[04.17.14]

Mid-Senior Graphics Programmer










Comments


Mike Rentas
profile image
Game of the year.

Joseph Moore
profile image
The psychology of the game wrapped its tendrils around my fragile mind and would not let go until I had experienced everything on offer... I had to resort to cheating just so I could move on in a timely manner... Let go of me, you beast! (Absolutely brilliant, charming, and humorous. To the developer I say, "well done.")

E McNeill
profile image
The article starts by stating that Candy Box proves the "hooky, skinner box-ish grind" isn't offensive to hardcore gamers, but is that really the core of this game? I suspect not. Candy Box is more a subversion of grindy mechanics than a celebration of them. The entire rest of the article neatly explains the real appeal of the game to hardcore gamers. It's far more like Frog Fractions than Farmville.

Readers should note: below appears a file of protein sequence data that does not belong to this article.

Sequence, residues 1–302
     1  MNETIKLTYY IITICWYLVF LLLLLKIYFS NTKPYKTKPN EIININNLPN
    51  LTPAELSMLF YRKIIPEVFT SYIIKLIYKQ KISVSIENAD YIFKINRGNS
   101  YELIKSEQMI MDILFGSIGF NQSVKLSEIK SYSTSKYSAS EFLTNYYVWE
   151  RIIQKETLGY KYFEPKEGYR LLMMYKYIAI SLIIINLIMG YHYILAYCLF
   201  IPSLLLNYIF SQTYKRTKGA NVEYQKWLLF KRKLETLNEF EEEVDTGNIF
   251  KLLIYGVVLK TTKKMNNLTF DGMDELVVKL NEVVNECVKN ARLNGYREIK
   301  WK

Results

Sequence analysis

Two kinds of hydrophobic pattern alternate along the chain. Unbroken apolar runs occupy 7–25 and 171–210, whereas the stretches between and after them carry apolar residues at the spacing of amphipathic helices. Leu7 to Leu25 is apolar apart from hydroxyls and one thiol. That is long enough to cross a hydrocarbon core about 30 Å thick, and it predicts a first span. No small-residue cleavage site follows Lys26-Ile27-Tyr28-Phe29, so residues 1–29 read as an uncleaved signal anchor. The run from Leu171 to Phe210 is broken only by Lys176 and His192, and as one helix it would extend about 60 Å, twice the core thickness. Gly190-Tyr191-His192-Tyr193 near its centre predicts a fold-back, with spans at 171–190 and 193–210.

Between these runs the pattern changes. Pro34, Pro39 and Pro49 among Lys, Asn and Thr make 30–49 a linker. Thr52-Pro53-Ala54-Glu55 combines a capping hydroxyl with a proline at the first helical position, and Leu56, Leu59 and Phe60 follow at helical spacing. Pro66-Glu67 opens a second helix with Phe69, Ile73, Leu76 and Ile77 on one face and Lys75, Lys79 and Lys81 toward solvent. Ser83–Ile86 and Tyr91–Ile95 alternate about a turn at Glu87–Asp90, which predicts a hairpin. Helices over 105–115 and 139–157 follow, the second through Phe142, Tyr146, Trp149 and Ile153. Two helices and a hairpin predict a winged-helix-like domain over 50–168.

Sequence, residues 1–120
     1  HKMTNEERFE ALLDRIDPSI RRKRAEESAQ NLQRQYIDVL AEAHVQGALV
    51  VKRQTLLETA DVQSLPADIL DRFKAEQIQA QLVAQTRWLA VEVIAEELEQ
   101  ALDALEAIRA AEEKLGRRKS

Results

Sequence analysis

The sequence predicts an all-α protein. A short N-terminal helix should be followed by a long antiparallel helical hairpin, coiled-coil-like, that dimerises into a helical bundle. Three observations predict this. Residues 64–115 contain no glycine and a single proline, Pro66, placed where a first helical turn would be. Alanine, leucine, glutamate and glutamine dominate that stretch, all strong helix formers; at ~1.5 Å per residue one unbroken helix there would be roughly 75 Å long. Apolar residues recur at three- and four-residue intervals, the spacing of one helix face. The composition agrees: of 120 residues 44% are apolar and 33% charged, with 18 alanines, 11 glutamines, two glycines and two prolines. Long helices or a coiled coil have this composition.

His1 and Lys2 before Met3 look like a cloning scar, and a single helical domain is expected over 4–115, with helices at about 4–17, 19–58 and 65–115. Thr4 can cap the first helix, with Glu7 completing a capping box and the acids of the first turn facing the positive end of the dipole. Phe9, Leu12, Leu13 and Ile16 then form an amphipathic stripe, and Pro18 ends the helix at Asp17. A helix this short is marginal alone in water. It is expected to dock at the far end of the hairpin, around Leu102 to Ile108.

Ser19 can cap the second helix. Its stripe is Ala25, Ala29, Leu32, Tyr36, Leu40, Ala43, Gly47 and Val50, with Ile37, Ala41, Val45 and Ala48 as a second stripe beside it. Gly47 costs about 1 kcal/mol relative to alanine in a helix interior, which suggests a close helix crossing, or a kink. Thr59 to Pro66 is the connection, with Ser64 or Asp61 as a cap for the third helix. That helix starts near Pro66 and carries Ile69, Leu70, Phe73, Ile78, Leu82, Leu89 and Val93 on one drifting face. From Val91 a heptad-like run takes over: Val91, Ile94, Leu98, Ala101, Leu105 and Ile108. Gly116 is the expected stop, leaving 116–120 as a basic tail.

august clark
profile image
On the other hand, at least some people (like myself) tried this game, recognized what it was about 5 minutes in, and then quit. Frog Fractions played with the player's expectations, with the primary barrier to progress being how committed the player was to adhering to the implied rules of such a game. Candy Box seems more like a variation of Cow Clicker.

I suppose CB's ability to ensnare people, more arises from how much a given person is interested in discovery versus wanting to play with a game system. I saw a lot of waiting and this proved a greater detriment to my interest than my curiosity as to what would happen if I kept waiting.

Kody Robison
profile image
Unfortunately you cannot properly recognize what Candy Box is within the first 5 minutes. I'm guessing that this is a bit of hyperbole...? The very fact that they take a normally mundane social gaming activity (Accruing wealth through active clicking) and just allow the wealth to tick up on it's own regardless of your intervention makes it far removed from something like Farmville or *cough* Cow Clicker.